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Sen. Mac Schneider and Rep. Kenton Onstad, Published March 09 2013

Letter: Cutting oil tax and attack on flood plan bad sausage

In a March 6 Forum column, House Majority Leader Al Carlson, R-Fargo, and Senate Majority Leader Rich Wardner, R-Dickinson, compared the first half of the North Dakota legislative session to “watching sausage being made.” We reluctantly agree, but hope the majority will set aside the partisan meat grinder and work with us to maximize our state’s prosperity during the session’s remaining days, because as things stand, some of the actions taken by the majority threaten to churn prime opportunities into mincemeat.

Take the radical and reckless cut to the oil extraction tax, something even Carlson and Wardner identify as “(o)ne of the most controversial issues this session(.)” The reason for controversy is apparent: The GOP’s cut to the tax is projected to cost the people of North Dakota $595 million in the first five years alone and, literally, billions in the coming decades.

The majority leaders have also alleged that the GOP plan “eliminat(es) the stripper well loophole(.)” It does no such thing. In fact, by grandfathering in existing stripper wells that produce 150 barrels or fewer per day, it actually cements open the loophole and ensures these wells will never pay a dime in the extraction tax. By setting the stripper well threshold for new wells at 40 barrels per day, the plan also ensures that even high-producing Bakken wells will one day revert to stripper well status once production declines. Therefore, even if you believe that a 31 percent cut to the oil extraction tax should be given “(i)n exchange” for closing a loophole that never made sense in the first place, the GOP approach fails the people of North Dakota.

The majority’s insistence upon these deep cuts to the oil extraction tax, coupled with permanent reductions to corporate and personal income taxes, undermine Carlson and Wardner’s claims that they are focused “especially on property tax relief.”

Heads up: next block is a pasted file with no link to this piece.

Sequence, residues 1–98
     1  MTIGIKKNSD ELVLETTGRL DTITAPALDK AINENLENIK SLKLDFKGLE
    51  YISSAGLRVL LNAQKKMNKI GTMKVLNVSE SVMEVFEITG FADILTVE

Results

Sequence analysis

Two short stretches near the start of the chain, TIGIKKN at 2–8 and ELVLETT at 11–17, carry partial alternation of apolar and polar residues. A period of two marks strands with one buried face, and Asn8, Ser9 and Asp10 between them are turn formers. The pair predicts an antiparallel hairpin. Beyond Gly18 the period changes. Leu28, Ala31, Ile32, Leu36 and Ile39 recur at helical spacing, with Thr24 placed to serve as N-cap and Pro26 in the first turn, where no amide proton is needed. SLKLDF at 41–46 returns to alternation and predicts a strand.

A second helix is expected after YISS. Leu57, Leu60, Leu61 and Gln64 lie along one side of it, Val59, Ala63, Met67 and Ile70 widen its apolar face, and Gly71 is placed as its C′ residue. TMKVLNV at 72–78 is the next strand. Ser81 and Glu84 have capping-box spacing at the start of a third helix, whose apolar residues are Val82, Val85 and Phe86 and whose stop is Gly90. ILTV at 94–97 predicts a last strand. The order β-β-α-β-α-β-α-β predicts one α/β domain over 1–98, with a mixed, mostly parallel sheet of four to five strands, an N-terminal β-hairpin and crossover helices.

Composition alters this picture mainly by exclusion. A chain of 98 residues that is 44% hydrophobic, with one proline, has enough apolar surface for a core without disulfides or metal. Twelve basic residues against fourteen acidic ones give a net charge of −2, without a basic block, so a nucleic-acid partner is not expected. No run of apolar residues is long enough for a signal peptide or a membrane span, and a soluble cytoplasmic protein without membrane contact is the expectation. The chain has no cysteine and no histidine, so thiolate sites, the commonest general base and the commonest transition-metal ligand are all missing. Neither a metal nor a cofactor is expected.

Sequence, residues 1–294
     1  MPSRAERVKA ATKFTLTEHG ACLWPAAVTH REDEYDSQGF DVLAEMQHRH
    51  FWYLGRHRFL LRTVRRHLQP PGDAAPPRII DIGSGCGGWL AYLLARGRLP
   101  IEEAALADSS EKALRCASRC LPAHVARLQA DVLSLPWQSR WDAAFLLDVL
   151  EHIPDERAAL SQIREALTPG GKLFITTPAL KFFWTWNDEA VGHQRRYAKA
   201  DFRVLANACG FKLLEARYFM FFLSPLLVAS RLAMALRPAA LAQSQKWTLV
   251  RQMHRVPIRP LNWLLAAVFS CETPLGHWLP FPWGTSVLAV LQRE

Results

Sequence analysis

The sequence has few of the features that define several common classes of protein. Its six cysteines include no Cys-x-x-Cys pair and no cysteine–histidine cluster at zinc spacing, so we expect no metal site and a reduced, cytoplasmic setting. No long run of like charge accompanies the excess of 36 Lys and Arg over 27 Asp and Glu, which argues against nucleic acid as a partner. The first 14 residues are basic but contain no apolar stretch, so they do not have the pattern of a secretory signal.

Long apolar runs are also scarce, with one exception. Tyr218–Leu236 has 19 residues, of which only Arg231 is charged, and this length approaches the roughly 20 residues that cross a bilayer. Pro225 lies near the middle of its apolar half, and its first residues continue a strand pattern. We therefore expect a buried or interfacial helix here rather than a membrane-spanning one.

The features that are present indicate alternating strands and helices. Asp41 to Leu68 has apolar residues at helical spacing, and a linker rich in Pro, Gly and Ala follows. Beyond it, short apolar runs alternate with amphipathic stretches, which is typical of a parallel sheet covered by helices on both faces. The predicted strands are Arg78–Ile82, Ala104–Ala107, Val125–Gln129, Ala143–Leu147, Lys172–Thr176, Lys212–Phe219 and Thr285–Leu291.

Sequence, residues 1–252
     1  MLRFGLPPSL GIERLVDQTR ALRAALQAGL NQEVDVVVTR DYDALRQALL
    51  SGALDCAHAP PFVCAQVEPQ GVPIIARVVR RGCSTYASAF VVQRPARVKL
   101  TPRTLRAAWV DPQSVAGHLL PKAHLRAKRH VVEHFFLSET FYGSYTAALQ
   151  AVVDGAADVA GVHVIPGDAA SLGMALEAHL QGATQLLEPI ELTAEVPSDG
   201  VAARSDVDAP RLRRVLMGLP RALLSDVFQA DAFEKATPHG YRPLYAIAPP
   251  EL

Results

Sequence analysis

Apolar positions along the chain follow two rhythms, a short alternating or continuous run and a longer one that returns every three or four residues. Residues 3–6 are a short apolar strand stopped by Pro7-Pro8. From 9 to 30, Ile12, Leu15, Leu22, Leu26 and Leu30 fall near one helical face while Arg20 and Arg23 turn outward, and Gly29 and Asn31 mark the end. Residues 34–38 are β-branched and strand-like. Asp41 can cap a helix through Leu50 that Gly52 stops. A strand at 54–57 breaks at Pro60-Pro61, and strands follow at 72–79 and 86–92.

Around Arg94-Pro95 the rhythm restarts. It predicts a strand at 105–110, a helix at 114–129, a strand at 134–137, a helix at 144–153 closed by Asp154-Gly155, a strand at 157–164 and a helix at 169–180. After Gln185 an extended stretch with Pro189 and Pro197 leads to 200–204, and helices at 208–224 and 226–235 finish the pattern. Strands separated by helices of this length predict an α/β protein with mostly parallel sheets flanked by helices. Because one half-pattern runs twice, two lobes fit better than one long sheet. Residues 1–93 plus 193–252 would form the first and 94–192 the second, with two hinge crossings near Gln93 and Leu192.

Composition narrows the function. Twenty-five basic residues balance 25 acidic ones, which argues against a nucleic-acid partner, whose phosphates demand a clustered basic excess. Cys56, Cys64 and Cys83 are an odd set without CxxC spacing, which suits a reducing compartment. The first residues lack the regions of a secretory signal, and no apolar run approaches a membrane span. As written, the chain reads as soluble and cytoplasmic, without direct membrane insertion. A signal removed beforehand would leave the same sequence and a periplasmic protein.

To the contrary, it was Dem-NPL senators who supported an amendment that would have re-directed $250 million in tax cuts for corporations and reductions in the personal income tax toward deeper property tax cuts, a measure which would have lowered property taxes by 12.5 percent across the board. The GOP rejected this property tax relief in favor of tax breaks that North Dakotans themselves rejected overwhelmingly and recently at the ballot box.

The leaders have also made notable omissions when touting their commitment to improving infrastructure, especially when it comes to “water and flood control projects(.)” Most glaringly, Carlson authored an amendment to a water bill that would scuttle the flood protection plan for Fargo, the city he represents. Protecting North Dakota’s largest city from flooding should be a statewide priority. At the very least, local leaders shouldn’t have to fend off opposition from their own elected representatives.

We enjoy working with Carlson and Wardner, and we were glad to see the majority embrace priorities like pre-kindergarten education and the sensible expansion of Medicaid during the first half of the session. However, when you place the GOP’s lack of focus on property tax relief and its push to pass oil tax breaks alongside the majority’s refusal to fund milk for schoolchildren and unwillingness to address the child care crisis, we can’t help but think they’ve ground out the wrong product for North Dakota.

Onstad, D-Parshall, is minority leader of the North Dakota House; Schneider, D-Grand Forks, is minority leader of the North Dakota Senate.